Axa Hong Kong and Macau is launching a critical illness (CI) plan for survivors of heart attacks, stroke and cancer and those with other significant health risks, that includes a health activity programme and regular check-ups.
It is aimed at lowering barriers to protection for those with health risks, including the three highs of blood sugar, blood pressure and cholesterol, as well as the elderly and critical illness survivors.
The CareForAll Critical Illness Plan is designed to bring peace of mind to the underserved communities facing health risks, the insurer said.
“With relaxed underwriting requirements, CareForAll aims to serve customers living with chronic disease, the silver-haired segment and critical illness survivors, enabling them to access critical illness insurance as needed,” it added.
“Individuals with existing chronic conditions or survivors of critical illnesses are often denied coverage by traditional critical illness protection plans due to stringent underwriting requirements or expensive premiums, leaving them and their families vulnerable and uncertain about their future.”
Axa aims to provide comprehensive coverage access to those living with diabetes and chronic conditions known as the three-highs, the growing elderly population, as well as survivors of cancer, heart attack or stroke.
The coverage for this plan can reach up to HKD2m (£209,177) and includes wellbeing support services.
Key features of the CareForAll include relaxed underwriting requirements and process. There are as few as three health underwriting questions which focus mainly on applicants’ health conditions in the past two years without the need for medical examinations.
There is also a premium rebate of up to 30% for customers who stay committed to the plan and the health programme.
If customers complete the free medical check-ups provided in the first, third and fifth policy years, they will get a medical check-up bonus, which equals to 10% premium rebate of that policy year.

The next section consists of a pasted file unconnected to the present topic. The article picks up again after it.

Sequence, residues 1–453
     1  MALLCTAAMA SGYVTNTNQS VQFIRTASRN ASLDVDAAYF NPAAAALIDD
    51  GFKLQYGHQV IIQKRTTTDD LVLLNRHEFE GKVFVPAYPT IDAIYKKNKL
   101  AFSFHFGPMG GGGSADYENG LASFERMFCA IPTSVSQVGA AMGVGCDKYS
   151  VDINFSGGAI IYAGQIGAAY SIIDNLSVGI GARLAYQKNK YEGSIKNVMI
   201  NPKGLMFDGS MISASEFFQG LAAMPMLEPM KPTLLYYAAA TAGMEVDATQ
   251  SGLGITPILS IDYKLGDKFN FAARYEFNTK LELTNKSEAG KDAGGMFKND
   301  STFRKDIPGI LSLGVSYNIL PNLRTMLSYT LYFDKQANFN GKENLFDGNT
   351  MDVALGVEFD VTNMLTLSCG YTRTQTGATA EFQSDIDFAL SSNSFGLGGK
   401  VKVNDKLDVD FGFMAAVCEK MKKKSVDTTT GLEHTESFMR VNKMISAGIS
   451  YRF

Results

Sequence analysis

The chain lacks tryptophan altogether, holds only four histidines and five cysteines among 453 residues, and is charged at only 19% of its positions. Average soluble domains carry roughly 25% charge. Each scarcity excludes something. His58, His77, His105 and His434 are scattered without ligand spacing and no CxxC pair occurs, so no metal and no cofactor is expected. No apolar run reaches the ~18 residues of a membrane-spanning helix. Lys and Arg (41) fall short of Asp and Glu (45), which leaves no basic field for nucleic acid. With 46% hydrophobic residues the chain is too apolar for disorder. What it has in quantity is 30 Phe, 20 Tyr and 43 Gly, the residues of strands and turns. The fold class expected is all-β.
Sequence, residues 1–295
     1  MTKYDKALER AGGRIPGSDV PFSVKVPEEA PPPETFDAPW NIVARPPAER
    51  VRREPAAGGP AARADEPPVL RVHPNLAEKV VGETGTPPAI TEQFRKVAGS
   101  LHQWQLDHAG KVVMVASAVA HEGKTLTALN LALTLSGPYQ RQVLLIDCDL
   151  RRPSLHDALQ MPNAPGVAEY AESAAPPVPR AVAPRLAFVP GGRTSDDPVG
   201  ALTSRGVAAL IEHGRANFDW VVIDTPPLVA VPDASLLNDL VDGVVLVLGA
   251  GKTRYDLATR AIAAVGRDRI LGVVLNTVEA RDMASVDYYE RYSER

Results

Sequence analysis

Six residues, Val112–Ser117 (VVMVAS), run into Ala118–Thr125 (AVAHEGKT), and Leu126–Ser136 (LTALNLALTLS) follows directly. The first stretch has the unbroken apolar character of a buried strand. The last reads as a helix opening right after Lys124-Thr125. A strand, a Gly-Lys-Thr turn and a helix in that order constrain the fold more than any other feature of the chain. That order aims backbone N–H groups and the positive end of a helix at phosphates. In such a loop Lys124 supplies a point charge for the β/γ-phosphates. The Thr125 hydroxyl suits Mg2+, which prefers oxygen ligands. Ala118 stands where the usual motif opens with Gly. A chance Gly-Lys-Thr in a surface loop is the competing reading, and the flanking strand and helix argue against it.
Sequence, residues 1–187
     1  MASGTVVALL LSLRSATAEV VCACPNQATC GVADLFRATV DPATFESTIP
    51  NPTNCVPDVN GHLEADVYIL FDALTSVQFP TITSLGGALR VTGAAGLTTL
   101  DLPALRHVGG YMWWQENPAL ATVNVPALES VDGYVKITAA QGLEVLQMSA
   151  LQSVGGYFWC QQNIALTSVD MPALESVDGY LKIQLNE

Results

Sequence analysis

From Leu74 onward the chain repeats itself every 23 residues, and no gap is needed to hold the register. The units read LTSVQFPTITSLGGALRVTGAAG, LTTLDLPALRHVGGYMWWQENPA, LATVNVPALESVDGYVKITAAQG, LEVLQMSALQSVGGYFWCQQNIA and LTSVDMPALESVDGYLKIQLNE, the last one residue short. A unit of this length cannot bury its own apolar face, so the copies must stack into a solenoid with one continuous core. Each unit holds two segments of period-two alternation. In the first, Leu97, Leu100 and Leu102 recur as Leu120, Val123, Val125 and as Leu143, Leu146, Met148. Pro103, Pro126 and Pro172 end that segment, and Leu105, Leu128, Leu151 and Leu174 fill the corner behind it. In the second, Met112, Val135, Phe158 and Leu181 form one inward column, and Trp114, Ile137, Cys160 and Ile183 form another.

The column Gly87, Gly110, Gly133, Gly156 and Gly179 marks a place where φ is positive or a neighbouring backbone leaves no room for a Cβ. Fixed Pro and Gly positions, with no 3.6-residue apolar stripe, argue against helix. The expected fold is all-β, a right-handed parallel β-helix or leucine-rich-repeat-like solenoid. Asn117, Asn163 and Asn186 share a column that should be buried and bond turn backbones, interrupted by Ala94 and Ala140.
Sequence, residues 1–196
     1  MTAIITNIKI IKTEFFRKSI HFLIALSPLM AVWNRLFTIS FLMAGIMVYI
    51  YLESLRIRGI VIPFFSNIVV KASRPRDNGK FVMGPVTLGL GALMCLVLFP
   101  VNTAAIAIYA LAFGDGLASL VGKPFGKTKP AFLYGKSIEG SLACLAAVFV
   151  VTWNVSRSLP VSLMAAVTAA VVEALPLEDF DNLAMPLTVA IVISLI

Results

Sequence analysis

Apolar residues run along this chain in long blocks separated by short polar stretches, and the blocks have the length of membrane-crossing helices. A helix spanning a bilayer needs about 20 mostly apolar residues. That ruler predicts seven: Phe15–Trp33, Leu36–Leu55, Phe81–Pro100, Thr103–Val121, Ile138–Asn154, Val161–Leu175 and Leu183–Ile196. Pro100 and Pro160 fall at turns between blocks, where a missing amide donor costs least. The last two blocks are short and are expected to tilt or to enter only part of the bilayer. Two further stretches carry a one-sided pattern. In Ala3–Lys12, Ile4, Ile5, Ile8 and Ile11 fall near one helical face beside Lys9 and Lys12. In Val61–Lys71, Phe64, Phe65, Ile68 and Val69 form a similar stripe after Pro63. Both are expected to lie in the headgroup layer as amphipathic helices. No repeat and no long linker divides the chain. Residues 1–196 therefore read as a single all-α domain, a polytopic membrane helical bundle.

And if customers reach the minimum number of achieved days in the Axa Goal (Lite) programmes, they can get a premium rebate of up to 10% each year.
That programme includes achieving a daily step count goal of 10,000 steps for at least 125 days in a membership year.
Starting from the 10th policy anniversary and continuing with each subsequent policy anniversary, customers can also get a loyalty bonus which is equivalent to 20% of the annualised premium.
The plan also offers guaranteed renewal, even if there are any subsequent changes in health condition – until the insured reaches age 100. The premium rate will not be affected by the insured’s age within each policy term.
The number of elderly people aged 65 and over is growing in Hong Kong and is set to almost double, reaching 2.74 million people within the next two decades.
By 2046, it is estimated this demographic will make up more than one in three Hong Kongers.
Elderly people are highly prone to chronic diseases and critical illnesses, with 75% of those over 65 dealing with conditions like hypertension, diabetes, heart disease or cancer.
Additionally, there is a concerning trend of younger population suffering from chronic disease such as diabetes and those three highs.
A customer survey, commissioned by Axa showed it was not just the elderly who faced hurdles to getting critical illness insurance, but 30 to 49 year olds as well.
Two thirds (67%) of respondents over 30 said they found it difficult to purchase critical illness insurance due to pre-existing conditions, while 71% believed that, considering their age and health conditions, the relatively high premiums for CI caused financial strain on them.
More than 30% of 30-to-49-year-olds said they were denied coverage due to failed underwriting or risk assessment, a higher proportion compared to other age groups.
And complex underwriting requirements and procedures were the two primary reasons discouraging those aged 50 and above from getting CI.
As life expectancy increases and medical technology advances, more than 70% of respondents worried that the current health insurance offerings have not adequately accommodated these changes, leaving some people in need without enough critical illness coverage.
Sally Wan, CEO of Axa Greater China (pictured) said the insurer was committed to innovation and forward-thinking in designing products and services.
“We continuously strive to meet not only our customers’ current needs but also prepare them for the future,“ she said.
“With the increasing prevalence of chronic diseases, cancer, heart diseases, and strokes, coupled with the growing aging population, we are deeply concerned that more and more customers will face these health issues, resulting in a widening gap in their future health coverage.”